When compared to other regional salaries, teachers make more regardless of the overall wealth of the district. As Table 5 illustrates, the median teacher salary is higher than the regional median salary of other bachelor- and graduate-degree holders. For low-need (or wealthier) school districts, median teacher salaries are 76 percent higher than regional median salaries of those with bachelor’s degrees, and 30 percent higher than those with graduate degrees — the highest in each category. The median teacher salaries from other wealth category districts are about the same (Table 5) — 30 to 35 percent higher than individuals with bachelor’s degrees and a modest 1 to 5 percent higher than individuals with graduate degrees.

 

Table 5. Median Teacher Salary Compared to Salaries Individuals with Bachelor’s and Graduate Degrees

SOURCE: Rockefeller Institute of Government analysis of New York State Education Department’s Personnel Master File (2017-18) and U.S. Census Bureau, American Community Survey (2017) data. NYSED data does not include New York City School District, so those districts are omitted. The rest of the school districts in the “Big 5” are included (Buffalo, Rochester, Syracuse, and Yonkers). A ratio of less than one means that teachers are paid less than other graduate degree holders in that region. A ratio of more than one means that teachers are paid more.

 

When examining individual districts by highest and lowest salaries, there isn’t a consistent pattern by wealth category. That is, the districts with the highest salaries aren’t the state’s most affluent districts and the lowest salaries aren’t always found in the least wealthy districts. As Table 6 shows, compared to other salaries in the region, the highest paid teachers come from districts of varying levels of wealth. Likewise, the districts with the lowest median teacher salaries across the state are a mix of high-need districts and average-need districts (though none of the state’s wealthiest districts are in the bottom 10 lowest salaries).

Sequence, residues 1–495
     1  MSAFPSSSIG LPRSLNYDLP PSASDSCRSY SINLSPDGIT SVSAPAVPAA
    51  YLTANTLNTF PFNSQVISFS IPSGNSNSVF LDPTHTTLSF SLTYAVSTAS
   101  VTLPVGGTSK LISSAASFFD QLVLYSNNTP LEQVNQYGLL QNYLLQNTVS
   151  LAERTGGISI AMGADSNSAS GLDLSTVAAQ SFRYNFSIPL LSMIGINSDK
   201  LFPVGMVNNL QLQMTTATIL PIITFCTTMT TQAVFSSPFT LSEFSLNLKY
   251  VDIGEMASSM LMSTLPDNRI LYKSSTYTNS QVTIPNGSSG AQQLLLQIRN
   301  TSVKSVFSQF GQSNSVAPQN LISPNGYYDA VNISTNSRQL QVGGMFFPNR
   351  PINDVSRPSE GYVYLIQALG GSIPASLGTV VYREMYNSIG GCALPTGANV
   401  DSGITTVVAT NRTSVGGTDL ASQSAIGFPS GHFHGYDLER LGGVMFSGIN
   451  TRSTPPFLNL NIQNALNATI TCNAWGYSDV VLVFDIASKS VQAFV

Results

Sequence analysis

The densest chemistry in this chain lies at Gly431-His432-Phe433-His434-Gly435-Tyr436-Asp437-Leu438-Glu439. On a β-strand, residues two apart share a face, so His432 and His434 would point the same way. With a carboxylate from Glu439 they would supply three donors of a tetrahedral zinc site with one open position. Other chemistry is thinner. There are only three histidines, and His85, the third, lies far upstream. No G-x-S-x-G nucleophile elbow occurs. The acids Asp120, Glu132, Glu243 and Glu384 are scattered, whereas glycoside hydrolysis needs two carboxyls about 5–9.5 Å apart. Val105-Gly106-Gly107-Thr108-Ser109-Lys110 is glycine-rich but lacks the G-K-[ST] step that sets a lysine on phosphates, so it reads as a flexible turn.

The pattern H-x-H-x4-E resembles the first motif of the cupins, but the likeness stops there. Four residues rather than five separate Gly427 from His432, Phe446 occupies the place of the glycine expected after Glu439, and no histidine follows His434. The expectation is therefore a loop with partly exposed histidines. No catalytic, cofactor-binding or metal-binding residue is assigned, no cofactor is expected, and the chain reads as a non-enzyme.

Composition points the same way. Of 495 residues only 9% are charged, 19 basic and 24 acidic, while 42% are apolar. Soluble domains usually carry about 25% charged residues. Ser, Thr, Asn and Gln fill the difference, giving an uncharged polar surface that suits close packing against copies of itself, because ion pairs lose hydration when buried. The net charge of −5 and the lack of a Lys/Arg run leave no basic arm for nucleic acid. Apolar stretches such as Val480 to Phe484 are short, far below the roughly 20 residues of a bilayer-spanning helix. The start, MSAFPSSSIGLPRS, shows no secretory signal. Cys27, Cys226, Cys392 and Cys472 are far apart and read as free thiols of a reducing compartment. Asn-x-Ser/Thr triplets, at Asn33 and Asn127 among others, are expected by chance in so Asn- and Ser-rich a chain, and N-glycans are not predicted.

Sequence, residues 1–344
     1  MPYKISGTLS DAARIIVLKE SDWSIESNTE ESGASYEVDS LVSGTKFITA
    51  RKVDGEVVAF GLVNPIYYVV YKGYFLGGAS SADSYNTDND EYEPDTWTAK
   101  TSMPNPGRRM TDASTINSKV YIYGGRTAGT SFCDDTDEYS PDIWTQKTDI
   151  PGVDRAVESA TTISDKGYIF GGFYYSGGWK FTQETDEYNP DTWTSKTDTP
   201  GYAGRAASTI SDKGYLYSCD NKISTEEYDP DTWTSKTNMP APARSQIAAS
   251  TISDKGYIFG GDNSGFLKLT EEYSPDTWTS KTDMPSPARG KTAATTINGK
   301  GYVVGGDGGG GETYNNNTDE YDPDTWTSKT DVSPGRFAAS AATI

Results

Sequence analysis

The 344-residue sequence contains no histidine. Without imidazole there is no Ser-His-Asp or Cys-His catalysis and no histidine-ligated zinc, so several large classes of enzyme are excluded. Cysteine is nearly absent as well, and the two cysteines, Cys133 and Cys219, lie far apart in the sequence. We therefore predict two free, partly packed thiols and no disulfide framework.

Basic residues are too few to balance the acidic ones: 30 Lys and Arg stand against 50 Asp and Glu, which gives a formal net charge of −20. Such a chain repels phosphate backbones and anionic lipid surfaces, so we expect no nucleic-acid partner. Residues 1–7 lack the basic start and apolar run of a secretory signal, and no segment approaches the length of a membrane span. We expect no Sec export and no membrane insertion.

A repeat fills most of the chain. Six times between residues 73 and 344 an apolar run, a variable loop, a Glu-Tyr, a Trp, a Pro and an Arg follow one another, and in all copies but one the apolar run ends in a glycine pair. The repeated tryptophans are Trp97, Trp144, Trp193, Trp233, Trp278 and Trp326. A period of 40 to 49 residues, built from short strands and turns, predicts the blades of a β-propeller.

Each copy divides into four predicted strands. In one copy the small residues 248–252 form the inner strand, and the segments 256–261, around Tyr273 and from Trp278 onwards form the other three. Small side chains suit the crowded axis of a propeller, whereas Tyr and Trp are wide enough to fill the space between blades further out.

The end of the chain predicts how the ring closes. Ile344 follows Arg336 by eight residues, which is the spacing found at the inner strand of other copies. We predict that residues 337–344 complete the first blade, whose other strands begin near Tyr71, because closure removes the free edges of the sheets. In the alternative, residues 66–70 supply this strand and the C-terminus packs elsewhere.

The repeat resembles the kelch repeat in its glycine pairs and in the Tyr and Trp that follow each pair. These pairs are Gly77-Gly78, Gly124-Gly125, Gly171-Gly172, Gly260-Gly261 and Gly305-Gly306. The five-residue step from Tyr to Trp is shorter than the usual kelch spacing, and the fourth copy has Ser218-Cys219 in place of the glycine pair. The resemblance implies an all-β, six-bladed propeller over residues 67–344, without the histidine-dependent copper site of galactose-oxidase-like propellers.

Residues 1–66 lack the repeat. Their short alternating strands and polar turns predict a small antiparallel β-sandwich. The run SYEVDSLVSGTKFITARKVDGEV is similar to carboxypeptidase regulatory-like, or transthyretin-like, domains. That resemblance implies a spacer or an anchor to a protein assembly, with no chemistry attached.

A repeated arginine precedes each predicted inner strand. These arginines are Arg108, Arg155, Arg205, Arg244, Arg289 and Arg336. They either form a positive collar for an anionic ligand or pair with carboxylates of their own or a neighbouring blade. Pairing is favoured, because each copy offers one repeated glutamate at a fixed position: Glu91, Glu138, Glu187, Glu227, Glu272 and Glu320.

Table 6. Highest Median and Lowest-Median Teacher Salaries Compared to Others

SOURCE: Rockefeller Institute of Government analysis of New York Stated Education Department’s Personnel Master File (2017-18) and U.S. Census Bureau, American Community Survey (2017) data. NYSED data does not include New York City School District, so those districts are omitted. The rest of the school districts in the “Big 5” are included (Buffalo, Rochester, Syracuse, and Yonkers). Also omitted are districts with fewer than eight teachers, where there is a lack of reliable data. Bronxville School District in Westchester County pays their median teacher an annual salary of $362,000, well over $100,000 more than any other districts, so we have omitted that district as an outlier. A ratio of less than one means that teachers are paid less than other graduate degree holders in that region. A ratio of more than one means that teachers are paid more.

 

As the analysis above shows, while there are significant differences in how teachers are compensated between regions in New York, the median salary paid to teachers is consistently higher compared to other workers with bachelor’s and graduate degrees.

As the national debate over teacher salaries continues, we will explore other issues and further analyze additional data about how teachers are compensated, including how salaries relate to potential teacher shortages and student performance, and how states with teacher salaries that lag behind similar occupations affect the teacher market.

 

 

ABOUT THE AUTHORS

Jim Malatras is president of the Rockefeller Institute of Government
Nicholas Simons is project coordinator at the Rockefeller Institute of Government